Limiting instead of scrapping the federal income tax deduction for state and local taxes would preserve the benefit for all but the top 1% of earners, but would raise only about a quarter of the revenue for lawmakers looking to offset broader proposed tax cuts, according to a new analysis.
The nonpartisan Tax Foundation estimated that a full repeal of the deduction — a key and controversial component of the sweeping Republican tax cut plan — would increase federal revenue by $1.8 trillion over the next decade.
Limiting the state and local tax deduction to individuals with adjusted gross incomes of no more than $400,000 (or $800,000 for married couples) would slash those revenue gains to $481 billion over the same period.
The Halloween decorations are just going up and Thanksgiving is more than a month away. But President Trump is getting an early jump on Christmas -- the Christmas culture war, that is.
"We're getting near that beautiful Christmas season that people don't talk about anymore," he told an enthusiastic crowd of Christian conservatives on Friday. "They don't use the word 'Christmas' because it's not politically correct."
"Well, guess what?" he continued. "We’re saying Merry Christmas again!”
Within hours of the Trump administration's announcement that it would stop payments to insurers that are designed to help make healthcare affordable to low-income people, Democratic state attorneys general threatened to go to court.
I am prepared to sue the #Trump Administration to protect #health subsidies, just as when we successfully intervened in #HousevPrice!
At stake is roughly $7 billion in annual payments that the government has been making to insurers under the Affordable Care Act. The payments go to reimburse insurers for reducing deductibles and co-payments for lower-income consumers. Congress has never passed an appropriation for the money, and the administration said Thursday night that it had concluded it did not have the legal authority to make the payments without such legislation.
Maine Sen. Susan Collins, one of the key Republican votes that blocked the party’s effort to repeal Obamacare, announced Friday that she will forgo a race for the state’s governorship, remaining in the Senate at least until her term expires in 2020.
“I am a congenital optimist and I continue to believe that Congress can and will be more productive,” Collins told an audience in Rockport, Maine, at the end of a speech on healthcare reform.
“I want to continue to play a key role in advancing policies that strengthen our nation, help our hardworking families, improve our healthcare system and bring peace and stability to a troubled and violent world, and I have concluded that the best way I can contribute to these priorities is to remain as a member of the United States Senate.”
Iran’s military establishment defended itself Friday in response to reports that President Trump would seek new economic sanctions against the elite Islamic Revolutionary Guard Corps.
Hours before Trump was due to announce his decision to alter the 2015 Iranian nuclear agreement, the Revolutionary Guards issued a statement through the Sepah news agency, boasting that it was “the most effective corps in the region.”
Iran’s military public relations — representing ground, air and naval forces — also rallied behind the elite force, saying that any insult to the Revolutionary Guards “is an insult to the entire ruling establishment,” Sepah reported.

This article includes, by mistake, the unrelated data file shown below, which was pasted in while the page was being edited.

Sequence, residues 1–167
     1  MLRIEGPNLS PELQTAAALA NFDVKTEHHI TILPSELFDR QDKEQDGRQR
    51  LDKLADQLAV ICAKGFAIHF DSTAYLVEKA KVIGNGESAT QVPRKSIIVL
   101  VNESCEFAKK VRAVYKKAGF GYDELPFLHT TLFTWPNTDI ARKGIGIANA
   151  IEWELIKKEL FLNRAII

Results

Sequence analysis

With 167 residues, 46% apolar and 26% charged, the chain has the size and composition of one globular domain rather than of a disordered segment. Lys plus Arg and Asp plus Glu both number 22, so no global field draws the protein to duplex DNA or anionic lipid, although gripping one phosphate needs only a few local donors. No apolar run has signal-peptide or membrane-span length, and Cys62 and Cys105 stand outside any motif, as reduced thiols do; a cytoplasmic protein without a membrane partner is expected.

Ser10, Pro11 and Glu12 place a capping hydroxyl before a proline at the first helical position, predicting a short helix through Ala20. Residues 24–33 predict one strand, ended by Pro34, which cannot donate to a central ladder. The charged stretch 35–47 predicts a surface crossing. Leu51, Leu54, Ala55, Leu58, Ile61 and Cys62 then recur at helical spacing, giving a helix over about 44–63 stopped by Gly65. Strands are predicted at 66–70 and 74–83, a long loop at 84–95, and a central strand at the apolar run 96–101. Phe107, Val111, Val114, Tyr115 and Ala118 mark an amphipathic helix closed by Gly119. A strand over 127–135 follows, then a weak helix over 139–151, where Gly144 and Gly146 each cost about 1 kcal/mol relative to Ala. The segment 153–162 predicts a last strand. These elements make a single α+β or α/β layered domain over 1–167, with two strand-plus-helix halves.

Days after President Trump said Secretary of State Rex Tillerson was "wasting his time" trying to negotiate with North Korea, the president's chief of staff, John F. Kelly, said Thursday that diplomacy was crucial to dealing with the nuclear-armed nation.
"Right now there’s great concern about a lot of Americans that live in Guam. Right now we think the threat is manageable," Kelly told White House reporters on Thursday. "But over time, if it grows beyond where it is today -- well, let’s hope diplomacy works.”
North Korea was just one topic that Kelly touched on in a surprise appearance in the White House briefing room that seemed timed mainly to allow him to debunk numerous recent media reports that he is unhappy in his job and might quit. It was his first such public exchange with reporters in the nine tumultuous weeks since he replaced Trump's first chief of staff, Reince Priebus.
President Trump on Thursday hailed Pakistan's cooperation in making possible the release of an American family held captive in Pakistan by the Taliban, calling it "a positive moment" in the country's relationship with the United States.
Trump praised the Pakistani government for "working hard" to help find and win the release of American citizen Caitlin Coleman and her Canadian husband, Joshua Boyle, along with their three children, who were born during their five years in captivity since 2012.
"They worked hard on this and I believe they’re starting to respect the United States again,” Trump said in remarks at a White House event on healthcare.
Congress was on track to pass disaster funds for Puerto Rico after the House on Thursday approved a $36.5-billion package that also includes additional money for other hurricane-stricken areas, flood insurance and wildfires in the West.
The vote, 353-69, was not without some difficulty after conservative groups balked at the spending and President Trump lashed out at Puerto Rico, criticizing its pre-hurricane fiscal crisis in a series of morning tweets. The package now moves to the Senate. It is the first round of aid for Puerto Rico, which was devastated by Hurricane Maria and is still largely without electricity.